As promised, here are a few of my recent sketches in what I would like to call my new series of Interior Landscapes. I have become quite a twilight painter as of recently; other concerns and dedications have taken away from my painting time. As a result, rather than be annoyed by this, I chose to paint that beautiful chasing light that floods through my apartment at the close of the day. It is a rush to try to capture it, so I must mix colors and paint quickly and abstractly. Most of the sketches were done in about an hour, and though I will try to return to some of them, I do like the purity of direct observation of form and color. One might think that I have neglected my “housewife” duties, but when I see these mountains of color forms, I think of painting them, rather than cleaning up. Alas, it does get tidied afterwards and the bed remade, only to take on new convolutions the next day. My kitten appears in quite a few, and not out of choice for the composition, but because she follows me wherever I go to paint and then seeks out a comfortable place to hang out, often looking up as if to ask, “is this pose okay?”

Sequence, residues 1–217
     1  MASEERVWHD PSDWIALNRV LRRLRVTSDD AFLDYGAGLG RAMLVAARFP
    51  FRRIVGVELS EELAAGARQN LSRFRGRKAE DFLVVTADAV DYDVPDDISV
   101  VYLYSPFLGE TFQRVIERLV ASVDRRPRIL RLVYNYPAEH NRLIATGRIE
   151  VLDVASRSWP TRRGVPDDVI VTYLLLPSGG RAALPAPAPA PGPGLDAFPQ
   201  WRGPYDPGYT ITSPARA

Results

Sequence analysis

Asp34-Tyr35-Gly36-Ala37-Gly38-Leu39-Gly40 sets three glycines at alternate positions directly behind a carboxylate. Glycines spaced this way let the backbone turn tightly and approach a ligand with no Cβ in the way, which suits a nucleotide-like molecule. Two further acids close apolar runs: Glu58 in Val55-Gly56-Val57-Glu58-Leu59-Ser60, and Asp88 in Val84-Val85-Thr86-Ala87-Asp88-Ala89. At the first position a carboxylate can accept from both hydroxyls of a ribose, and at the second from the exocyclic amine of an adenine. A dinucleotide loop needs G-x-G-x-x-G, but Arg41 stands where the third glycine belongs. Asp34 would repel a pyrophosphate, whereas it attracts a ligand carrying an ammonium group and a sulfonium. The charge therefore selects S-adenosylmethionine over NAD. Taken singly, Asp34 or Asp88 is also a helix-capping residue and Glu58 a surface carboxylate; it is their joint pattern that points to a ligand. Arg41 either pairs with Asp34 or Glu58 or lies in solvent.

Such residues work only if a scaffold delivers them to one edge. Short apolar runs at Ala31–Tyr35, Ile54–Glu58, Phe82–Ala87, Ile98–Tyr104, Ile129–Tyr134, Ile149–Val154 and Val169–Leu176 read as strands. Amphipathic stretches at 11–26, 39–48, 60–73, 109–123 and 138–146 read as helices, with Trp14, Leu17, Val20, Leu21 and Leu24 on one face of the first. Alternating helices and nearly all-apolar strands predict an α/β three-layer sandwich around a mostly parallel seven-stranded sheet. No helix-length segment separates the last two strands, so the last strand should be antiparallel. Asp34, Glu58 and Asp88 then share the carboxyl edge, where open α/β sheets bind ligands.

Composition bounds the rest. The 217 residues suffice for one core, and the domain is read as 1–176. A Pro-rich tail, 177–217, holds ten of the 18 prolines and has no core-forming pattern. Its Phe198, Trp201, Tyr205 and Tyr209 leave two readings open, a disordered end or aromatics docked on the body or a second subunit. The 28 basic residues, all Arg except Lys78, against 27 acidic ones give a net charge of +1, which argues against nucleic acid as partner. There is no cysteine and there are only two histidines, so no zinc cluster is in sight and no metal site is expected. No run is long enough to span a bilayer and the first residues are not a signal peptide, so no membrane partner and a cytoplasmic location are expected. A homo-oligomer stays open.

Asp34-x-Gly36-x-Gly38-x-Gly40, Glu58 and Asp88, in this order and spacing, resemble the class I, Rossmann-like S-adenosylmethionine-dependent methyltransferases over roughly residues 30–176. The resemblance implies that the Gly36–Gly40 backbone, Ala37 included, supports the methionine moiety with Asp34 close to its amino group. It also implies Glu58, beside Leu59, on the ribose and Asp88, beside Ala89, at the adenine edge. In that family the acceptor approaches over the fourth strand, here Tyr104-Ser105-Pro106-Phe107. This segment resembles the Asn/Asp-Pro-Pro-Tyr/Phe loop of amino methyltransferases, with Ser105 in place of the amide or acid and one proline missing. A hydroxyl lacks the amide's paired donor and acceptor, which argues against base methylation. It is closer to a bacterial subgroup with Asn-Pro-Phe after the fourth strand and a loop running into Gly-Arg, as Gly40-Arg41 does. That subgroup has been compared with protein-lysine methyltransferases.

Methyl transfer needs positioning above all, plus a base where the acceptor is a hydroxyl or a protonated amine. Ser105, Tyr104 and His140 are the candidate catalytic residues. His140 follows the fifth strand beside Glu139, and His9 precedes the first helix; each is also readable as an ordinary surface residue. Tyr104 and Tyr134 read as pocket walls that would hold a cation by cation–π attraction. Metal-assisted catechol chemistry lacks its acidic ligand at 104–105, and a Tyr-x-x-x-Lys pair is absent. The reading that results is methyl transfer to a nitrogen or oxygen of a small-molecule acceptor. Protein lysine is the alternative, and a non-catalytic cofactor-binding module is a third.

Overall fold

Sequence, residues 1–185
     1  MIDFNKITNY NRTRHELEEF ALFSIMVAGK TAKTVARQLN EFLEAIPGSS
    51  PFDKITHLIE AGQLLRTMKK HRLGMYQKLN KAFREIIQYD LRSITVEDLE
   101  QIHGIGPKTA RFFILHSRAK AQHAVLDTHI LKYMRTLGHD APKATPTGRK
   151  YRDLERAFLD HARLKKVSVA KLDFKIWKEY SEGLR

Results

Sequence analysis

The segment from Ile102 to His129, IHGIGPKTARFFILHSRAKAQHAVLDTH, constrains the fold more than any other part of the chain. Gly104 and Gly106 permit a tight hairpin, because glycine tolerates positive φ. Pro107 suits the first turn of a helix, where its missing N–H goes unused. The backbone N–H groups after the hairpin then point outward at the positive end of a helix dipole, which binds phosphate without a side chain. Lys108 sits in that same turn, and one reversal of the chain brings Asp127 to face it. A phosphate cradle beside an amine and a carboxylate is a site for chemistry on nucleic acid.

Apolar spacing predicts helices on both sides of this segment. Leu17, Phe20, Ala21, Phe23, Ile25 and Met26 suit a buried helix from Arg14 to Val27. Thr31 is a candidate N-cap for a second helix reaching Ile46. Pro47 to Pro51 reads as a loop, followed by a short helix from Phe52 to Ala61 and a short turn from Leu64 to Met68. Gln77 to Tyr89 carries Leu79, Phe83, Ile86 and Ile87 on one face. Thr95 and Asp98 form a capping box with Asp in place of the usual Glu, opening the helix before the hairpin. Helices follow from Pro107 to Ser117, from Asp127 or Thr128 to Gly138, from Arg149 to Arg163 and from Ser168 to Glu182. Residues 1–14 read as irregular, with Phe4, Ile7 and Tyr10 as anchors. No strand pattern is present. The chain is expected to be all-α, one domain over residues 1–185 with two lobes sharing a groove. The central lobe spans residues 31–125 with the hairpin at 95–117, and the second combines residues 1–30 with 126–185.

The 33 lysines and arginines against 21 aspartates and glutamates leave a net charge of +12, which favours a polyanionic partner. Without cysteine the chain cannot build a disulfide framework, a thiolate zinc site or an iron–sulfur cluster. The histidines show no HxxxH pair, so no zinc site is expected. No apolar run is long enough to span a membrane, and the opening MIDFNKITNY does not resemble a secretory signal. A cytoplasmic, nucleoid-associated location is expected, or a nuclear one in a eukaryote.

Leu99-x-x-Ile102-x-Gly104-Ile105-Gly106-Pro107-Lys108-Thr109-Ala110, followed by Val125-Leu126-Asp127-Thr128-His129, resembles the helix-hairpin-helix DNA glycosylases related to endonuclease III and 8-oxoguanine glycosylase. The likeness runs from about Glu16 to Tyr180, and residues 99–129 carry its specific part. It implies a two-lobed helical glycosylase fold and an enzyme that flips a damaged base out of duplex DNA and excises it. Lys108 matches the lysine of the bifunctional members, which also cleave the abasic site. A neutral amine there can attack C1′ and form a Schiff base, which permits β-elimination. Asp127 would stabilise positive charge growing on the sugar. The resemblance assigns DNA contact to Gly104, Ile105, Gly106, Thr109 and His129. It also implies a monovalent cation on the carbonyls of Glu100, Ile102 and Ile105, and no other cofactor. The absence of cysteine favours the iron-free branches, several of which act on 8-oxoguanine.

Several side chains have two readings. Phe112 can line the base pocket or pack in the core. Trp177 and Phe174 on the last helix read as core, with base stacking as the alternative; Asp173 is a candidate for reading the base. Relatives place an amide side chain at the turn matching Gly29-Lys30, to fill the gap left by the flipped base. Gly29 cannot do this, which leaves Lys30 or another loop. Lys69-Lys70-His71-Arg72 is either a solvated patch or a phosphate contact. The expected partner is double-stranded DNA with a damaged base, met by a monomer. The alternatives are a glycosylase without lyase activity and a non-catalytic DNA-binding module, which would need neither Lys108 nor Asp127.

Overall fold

In a few short days, I am off to Italy to several different locations in Tuscany; a ten-day trip for work not related to my painting, I will not have time to do anything other than soak up the atmosphere of the stunning countryside. I will be buying myself a proper camera, however, so that I can produce better resolution photographs of my paintings at last.